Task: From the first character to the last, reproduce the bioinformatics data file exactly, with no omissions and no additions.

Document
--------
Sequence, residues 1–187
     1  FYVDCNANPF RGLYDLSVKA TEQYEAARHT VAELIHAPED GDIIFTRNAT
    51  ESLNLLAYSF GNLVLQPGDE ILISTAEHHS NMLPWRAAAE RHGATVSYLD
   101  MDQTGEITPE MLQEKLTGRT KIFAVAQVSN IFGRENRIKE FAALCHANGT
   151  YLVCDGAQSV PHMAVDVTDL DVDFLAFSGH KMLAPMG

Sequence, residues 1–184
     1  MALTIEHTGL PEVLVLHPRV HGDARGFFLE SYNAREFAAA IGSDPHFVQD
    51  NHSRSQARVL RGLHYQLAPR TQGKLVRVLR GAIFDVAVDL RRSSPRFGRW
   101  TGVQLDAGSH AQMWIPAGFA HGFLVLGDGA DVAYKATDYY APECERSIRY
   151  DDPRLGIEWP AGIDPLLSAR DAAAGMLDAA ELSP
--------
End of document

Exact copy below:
Sequence, residues 1–187
     1  FYVDCNANPF RGLYDLSVKA TEQYEAARHT VAELIHAPED GDIIFTRNAT
    51  ESLNLLAYSF GNLVLQPGDE ILISTAEHHS NMLPWRAAAE RHGATVSYLD
   101  MDQTGEITPE MLQEKLTGRT KIFAVAQVSN IFGRENRIKE FAALCHANGT
   151  YLVCDGAQSV PHMAVDVTDL DVDFLAFSGH KMLAPMG

Sequence, residues 1–184
     1  MALTIEHTGL PEVLVLHPRV HGDARGFFLE SYNAREFAAA IGSDPHFVQD
    51  NHSRSQARVL RGLHYQLAPR TQGKLVRVLR GAIFDVAVDL RRSSPRFGRW
   101  TGVQLDAGSH AQMWIPAGFA HGFLVLGDGA DVAYKATDYY APECERSIRY
   151  DDPRLGIEWP AGIDPLLSAR DAAAGMLDAA ELSP